Camera Buffs are crusty old characters with a touch of measurebator in them. If they walk into the camera club meeting with the "best" camera in the room, they are immediately the self-ordained Alpha. The camera is worn as jewelery, and represents an extension to their manhood—not their eyes and creativity. If a kid shows up with an entry level camera and a Sigma zoom, the Alpha will not hesitate to tell him it is crap in a voice that can be heard for miles. Once the meeting starts, the Canon owners sit together and snort at the Nikon owners who sit together and snort back. If the Alpha becomes obnoxiously overbearing, and you want to be rid of him, ask to see his photos. From zero to the door in under three seconds.

    Rich Dentists buy high-end cameras—well, just because they can.
     
  9. Lee Webb

    Lee Webb Member

    lol very true! As much as it is fun "canon baiting" I used to be a Canon shooter until just over two years ago when I moved to Nikon and adopted the D3 - I've had the mick taken for using Canon and now the same because I use Nikon! Pfft, shouldn't matter what you use! and how much of it is jealously?!
     
  10. Hamish Gill

    Hamish Gill Well-Known Member

    When you have a d3 Lee it's all jealousy ;)
    Especially if your a canon owner ;)

    For once Lee, I think we have a forum where people get the irony of brand mocking ...
    Well everyone apart from me ... ;)

    Good to see you posting buddy ... I really need to show you round the studio ...

    How's things with you?
     
  11. Lee Webb

    Lee Webb Member

    Busy mate, surprisingly for so early in the year. Getting flooded with enquiries about weddings for this year and next! Just polishing my entries for this year's Wildlife Photographer of the Year competition - I need to better being a semi finalist as I was last year! Highly commended, here I come!
     
  12. Pete Askew

    Pete Askew Admin

    Hi Lee,

    Read this the other day and it adds a new element to the discussion - http://www.luminous-landscape.com/e...ct_creativity_some_new_jewels_from_alpa.shtml

    The author is definitely a "rich dentist" - well lawyer actually - but he is an extremely talented landscape artist as well.

    Good luck with the competition. What was you semi-finalist image?

    Oh, and I forgot to add that Leica is far better than Nikon or Canon 'cos the Queens's got one!! ;)
     
    Last edited: Mar 4, 2011
  13. Larry Bolch

    Larry Bolch Member

    Got all three bases covered here.
     
  14. Hamish Gill

    Hamish Gill Well-Known Member

    Good news on being busy ... Got a few my self too ... Just been limiting mine to the sort of weddings I want to do now ... Which suits me well! It's all about the product photography for me now... Got some stuff for a furniture importer and hopefully a gift company lined up for the summer which I'm looking forward to... Although if it all come together it's going to be a hard slog!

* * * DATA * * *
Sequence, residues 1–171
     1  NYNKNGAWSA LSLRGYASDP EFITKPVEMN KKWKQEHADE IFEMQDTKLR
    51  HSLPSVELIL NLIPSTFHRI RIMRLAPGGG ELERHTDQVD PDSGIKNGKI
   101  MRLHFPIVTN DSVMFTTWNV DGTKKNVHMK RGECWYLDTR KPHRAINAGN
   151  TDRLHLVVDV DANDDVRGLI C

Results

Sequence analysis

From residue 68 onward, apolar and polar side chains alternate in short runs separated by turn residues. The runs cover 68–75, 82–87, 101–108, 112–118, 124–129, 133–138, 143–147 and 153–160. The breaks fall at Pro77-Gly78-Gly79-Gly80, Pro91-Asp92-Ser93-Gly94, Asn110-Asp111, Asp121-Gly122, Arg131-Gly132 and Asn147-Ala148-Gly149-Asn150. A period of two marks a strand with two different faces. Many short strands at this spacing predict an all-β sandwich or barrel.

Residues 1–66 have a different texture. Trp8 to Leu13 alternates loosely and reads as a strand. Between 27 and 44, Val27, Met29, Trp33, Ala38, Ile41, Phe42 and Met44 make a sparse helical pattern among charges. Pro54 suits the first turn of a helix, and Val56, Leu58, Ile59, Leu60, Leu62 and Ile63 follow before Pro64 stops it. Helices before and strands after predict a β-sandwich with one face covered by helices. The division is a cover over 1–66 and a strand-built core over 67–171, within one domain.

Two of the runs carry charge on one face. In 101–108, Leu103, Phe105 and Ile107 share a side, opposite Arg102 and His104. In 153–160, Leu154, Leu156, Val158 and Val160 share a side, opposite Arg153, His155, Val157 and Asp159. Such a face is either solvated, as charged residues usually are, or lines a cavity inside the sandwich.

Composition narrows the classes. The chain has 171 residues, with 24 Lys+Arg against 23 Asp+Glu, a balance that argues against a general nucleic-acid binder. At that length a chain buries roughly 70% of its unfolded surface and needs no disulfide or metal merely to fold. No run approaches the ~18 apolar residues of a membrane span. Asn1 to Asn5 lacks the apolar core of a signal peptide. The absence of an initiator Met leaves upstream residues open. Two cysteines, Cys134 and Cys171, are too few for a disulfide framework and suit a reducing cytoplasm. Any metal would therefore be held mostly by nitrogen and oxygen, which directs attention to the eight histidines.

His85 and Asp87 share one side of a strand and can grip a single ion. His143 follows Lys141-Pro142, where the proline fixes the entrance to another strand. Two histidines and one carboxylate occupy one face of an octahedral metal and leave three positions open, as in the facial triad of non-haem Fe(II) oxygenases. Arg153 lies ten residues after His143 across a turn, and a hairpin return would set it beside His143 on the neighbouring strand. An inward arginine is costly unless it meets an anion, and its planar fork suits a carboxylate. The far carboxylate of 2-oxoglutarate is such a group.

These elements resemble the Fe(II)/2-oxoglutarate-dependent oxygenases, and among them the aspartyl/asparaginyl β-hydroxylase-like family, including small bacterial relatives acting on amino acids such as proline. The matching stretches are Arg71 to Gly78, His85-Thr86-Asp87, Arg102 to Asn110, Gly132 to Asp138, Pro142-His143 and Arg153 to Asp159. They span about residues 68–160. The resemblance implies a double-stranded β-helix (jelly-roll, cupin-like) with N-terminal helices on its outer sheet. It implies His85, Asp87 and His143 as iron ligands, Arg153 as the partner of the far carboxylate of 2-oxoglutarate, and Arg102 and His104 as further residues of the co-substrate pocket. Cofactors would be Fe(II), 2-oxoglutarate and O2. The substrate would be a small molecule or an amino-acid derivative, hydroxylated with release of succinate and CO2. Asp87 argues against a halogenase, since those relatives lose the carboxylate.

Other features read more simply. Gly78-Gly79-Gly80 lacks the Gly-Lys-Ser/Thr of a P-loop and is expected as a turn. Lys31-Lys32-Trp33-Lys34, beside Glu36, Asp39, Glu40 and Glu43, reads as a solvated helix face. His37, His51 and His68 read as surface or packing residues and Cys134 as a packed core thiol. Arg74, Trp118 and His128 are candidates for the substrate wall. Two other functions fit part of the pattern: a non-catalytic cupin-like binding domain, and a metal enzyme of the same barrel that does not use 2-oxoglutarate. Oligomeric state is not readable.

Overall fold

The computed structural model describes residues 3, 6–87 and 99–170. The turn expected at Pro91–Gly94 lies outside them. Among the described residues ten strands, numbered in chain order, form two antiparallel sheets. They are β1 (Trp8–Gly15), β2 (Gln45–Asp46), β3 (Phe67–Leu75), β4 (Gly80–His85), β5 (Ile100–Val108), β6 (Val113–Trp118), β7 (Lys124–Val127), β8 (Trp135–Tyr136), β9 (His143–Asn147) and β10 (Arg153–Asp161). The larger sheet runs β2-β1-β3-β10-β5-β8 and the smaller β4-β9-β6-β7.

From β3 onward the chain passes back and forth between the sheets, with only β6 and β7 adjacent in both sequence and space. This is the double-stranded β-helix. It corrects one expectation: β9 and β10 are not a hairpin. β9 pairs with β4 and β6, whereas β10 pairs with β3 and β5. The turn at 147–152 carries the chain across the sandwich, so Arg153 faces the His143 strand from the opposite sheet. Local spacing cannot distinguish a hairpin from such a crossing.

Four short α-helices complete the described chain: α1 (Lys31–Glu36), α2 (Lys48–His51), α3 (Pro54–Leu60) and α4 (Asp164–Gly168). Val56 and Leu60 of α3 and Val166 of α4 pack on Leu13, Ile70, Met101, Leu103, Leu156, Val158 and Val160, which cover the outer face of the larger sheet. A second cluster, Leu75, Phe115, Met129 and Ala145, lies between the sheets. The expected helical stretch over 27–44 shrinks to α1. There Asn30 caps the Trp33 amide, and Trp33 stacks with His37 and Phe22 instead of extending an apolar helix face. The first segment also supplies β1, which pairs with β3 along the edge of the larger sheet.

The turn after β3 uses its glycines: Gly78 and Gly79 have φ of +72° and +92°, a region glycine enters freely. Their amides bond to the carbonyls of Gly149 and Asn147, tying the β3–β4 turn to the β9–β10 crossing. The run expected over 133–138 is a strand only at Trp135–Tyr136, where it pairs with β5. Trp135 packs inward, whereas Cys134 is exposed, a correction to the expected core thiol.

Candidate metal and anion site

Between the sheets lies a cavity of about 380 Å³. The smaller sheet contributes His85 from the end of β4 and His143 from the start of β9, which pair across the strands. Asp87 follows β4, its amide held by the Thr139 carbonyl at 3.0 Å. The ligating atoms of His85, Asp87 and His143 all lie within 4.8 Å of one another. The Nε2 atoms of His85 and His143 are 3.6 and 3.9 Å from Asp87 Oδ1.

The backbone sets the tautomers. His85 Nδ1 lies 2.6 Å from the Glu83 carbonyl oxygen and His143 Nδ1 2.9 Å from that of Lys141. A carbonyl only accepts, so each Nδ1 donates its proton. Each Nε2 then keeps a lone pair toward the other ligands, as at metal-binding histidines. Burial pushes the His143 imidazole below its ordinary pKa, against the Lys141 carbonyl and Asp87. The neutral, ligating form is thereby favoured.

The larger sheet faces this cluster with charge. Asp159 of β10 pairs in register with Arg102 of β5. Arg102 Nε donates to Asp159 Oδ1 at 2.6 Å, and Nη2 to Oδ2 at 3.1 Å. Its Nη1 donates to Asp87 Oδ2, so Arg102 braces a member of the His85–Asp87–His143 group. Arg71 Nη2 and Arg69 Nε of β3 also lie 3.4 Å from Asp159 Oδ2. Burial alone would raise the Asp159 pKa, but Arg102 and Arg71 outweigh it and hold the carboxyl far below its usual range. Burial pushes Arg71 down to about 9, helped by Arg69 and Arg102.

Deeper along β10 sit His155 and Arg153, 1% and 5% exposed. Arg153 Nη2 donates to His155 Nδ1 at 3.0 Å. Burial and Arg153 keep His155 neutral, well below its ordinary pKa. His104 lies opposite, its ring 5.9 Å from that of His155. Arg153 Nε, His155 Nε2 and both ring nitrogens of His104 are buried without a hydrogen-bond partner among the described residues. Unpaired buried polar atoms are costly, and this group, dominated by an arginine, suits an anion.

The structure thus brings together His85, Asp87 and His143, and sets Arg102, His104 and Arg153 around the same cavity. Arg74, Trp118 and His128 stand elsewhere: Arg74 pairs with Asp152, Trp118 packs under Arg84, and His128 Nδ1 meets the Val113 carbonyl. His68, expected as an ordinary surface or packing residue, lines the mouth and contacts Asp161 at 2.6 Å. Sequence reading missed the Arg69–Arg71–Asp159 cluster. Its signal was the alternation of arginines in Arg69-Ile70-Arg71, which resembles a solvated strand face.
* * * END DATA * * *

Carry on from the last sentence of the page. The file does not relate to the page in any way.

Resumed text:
I've never entered any competitions my self ... I'm not sure my personal work is really the sort ofthing you get in competitions...?
    Anyway, good luck!
    Post some pictures on the forum if you can find the time!
     
  15. Dan Cattermole

    Dan Cattermole Dan Down - The Steampunk Womble

    Guys!! Guys!! Wow, amazing discussion. I think you should all lay your shooters to rest and get your self an Olympus!!!! Hahahaha!!!
     
  16. Thomas brookes

    Thomas brookes RPF Chief iPhone app Reviewer

    Dan your oly sounds like there's a mouse being squished everytime you fire a shot!!!
     
  17. Hamish Gill

    Hamish Gill Well-Known Member

    thats actually how they work ...
    you press the button, a mechanical lever hits a mouse, the mouses jaw is strapped to the shutter, the lever causes the mouse to squeak ... in doing so it opens its mouth and the shutter with ot!
     
  18. Thomas brookes

    Thomas brookes RPF Chief iPhone app Reviewer

    HA!!! I wonderd why dan was filling the battery conpartment up with feed! Thanks hamish really appreciate your knowledge on these things!!
     
  19. Pete Askew

    Pete Askew Admin

    I'd heard they were planning on bringing out an update model at Focus. Something to do with a Hamster I heard - apparently it's a lot quieter!! :)
     
  20. Hamish Gill

    Hamish Gill Well-Known Member

    they are called olympus because they used to use injured cats
    "Oh Limp Puss"
    you see?
    but then they went down the road of tring to make all the cameras really small ... so they had to shift to mice
    but "Olymouse" sound a bit odd and if you translate it directly into Japanese it means
    "oh great one of the mouse land, i have gained the sense of the common man, i wish to buy a normal sized camera"
    which of course completely contradicted thier mantra of the day
    so they stuck with "olympus" .... cant blame them really ... it does mean "cat powered camera" which is obviously technically erroneous ... but it was better than the alternative

    anyway ... enough of this bollocks ... has anyone read my guide to aperture yet ... i want to know if it makes sense?